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Displaying articles for: January 2009

How To: Understand and calculate Virtual User "footprint"

One of the most common questions we get about LoadRunner Virtual Users relates to the resources required to execute the scripts on the Load Generator.  One advantage of the maturity of LoadRunner is that we have supported so many different drivers and protocols and environments over the past 2 decades.  We've learned so much about how to give a more detailed response to really advise users on how much Load Generator resources will be required to be successful.  You might imagine that the answer isn't black & white or even close to a 1 sentence answer.  Here are some simple ideas that can help you determine how to configure your Load Generators.
For Memory: each protocol has different parts that affect how much memory is required, so there is no single answer across all virtual users - Web is different RDP, which is different from SAP Click & Script, which is different from RMI-Java.  Some vuser types have external drivers (like ICA, RDP or SAP) so the guidelines didn’t include the footprint for the external executable driver. The Click & Script vuser types really can confuse you, because these seem like new versions of old protocols...but that's not actually true - the C&S protocols are completely new architecture, but more than anything, every vuser’s memory foot print is GREATLY impacted by the following factors:

  • the size of the driver library (this is fairly static)
  • the # of lines of code included in the recording (varies greatly by customer)
  • the # and size of parameters included in the recording (varies greatly by customer and script type)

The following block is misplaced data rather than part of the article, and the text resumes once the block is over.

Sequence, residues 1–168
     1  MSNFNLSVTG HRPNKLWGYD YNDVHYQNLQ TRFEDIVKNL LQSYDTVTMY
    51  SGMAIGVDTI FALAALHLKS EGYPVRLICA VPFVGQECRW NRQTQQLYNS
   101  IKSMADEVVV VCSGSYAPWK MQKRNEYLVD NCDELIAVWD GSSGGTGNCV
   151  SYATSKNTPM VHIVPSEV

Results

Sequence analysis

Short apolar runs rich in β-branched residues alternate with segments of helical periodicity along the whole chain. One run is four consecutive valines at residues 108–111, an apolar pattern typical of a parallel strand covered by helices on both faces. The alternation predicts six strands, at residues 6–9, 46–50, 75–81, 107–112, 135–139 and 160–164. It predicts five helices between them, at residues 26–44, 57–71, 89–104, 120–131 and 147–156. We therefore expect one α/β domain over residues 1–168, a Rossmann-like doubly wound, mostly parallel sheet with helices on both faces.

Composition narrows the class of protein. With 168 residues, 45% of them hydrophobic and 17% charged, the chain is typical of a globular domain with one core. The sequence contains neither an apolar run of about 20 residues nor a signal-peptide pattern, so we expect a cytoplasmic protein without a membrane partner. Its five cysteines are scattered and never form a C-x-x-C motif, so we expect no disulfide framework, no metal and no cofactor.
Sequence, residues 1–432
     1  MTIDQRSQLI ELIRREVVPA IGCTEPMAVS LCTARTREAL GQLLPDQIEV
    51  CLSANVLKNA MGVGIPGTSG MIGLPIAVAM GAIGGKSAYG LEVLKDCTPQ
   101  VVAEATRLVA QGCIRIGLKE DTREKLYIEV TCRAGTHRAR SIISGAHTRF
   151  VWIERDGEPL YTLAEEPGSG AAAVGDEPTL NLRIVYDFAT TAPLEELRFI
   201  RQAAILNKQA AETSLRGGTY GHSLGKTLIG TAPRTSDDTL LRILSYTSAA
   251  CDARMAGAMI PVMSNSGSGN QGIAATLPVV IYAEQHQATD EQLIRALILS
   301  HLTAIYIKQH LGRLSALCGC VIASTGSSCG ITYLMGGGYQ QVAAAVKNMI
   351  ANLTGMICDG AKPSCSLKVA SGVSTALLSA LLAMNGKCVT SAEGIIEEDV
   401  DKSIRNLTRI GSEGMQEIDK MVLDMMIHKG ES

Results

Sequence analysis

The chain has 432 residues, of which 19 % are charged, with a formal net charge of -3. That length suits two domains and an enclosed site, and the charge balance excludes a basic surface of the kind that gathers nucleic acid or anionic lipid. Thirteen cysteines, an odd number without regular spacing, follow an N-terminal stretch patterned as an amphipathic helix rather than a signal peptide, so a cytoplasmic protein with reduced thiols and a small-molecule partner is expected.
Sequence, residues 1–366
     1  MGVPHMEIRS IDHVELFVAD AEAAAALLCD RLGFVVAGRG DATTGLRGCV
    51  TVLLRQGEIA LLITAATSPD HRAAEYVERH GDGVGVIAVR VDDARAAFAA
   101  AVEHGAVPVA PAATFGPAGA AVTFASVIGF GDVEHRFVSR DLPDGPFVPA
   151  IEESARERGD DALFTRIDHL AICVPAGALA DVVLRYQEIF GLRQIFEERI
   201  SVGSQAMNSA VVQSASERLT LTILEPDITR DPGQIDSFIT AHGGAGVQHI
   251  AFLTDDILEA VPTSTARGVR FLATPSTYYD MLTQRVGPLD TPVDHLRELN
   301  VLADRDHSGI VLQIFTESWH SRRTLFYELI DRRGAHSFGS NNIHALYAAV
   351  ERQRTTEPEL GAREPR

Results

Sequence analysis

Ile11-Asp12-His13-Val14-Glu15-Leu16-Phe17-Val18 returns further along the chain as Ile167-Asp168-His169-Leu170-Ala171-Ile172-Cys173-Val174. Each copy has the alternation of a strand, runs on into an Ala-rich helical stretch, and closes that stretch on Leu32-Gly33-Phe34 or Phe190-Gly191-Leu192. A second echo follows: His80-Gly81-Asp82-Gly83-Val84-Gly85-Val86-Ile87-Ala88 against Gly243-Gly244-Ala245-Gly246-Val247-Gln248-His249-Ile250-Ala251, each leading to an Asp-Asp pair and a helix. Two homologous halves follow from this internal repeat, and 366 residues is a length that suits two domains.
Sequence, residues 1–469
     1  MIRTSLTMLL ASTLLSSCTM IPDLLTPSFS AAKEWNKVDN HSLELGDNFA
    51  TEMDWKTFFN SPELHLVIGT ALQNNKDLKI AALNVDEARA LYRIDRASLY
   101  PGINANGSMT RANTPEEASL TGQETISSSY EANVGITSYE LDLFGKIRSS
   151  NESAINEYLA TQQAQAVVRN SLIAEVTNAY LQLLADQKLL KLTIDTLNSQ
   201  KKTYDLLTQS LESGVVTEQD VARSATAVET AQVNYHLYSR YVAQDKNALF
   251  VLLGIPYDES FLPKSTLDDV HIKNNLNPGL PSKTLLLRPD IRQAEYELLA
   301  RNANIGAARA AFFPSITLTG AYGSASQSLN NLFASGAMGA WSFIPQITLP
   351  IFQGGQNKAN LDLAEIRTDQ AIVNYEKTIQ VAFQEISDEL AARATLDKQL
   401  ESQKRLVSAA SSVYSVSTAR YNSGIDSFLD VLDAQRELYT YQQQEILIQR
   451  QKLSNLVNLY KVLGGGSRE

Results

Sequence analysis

For CPU: of course, each driver has slight differences in CPU overhead, but for the most part they are all very efficient (and - yes, we will continue to improve Click & Script to be better!!) the amount of CPU used on a LoadRunner load generator will vary by the following factors:

  • iteration and pacing, which controls how “active” the vuser is (varies greatly by customer)
  • stress testing scenarios usually use more CPU, as opposed to real-world testing which has slower vusers (but more of them)
  • customized code or extra script processing (like string manipulation, or calculations) will chew up more CPU


For Disk: the main thing here is logging, the more customers increase the details and amount of logging the more disk will be consumed external parameter files (writing or reading from individual vuser threads) will really hammer local disk some vusers with external driver executables will have additional logging of their own, or caching of content.


For Network: the result of multiple virtual users running on single load generator is a concentration of all those vusers network traffic on single NIC the payload of network api calls varies greatly for each and every different application stress testing (e.g. fast iteration pacing, no think-times) could easily result in over-utilization of NIC bandwidth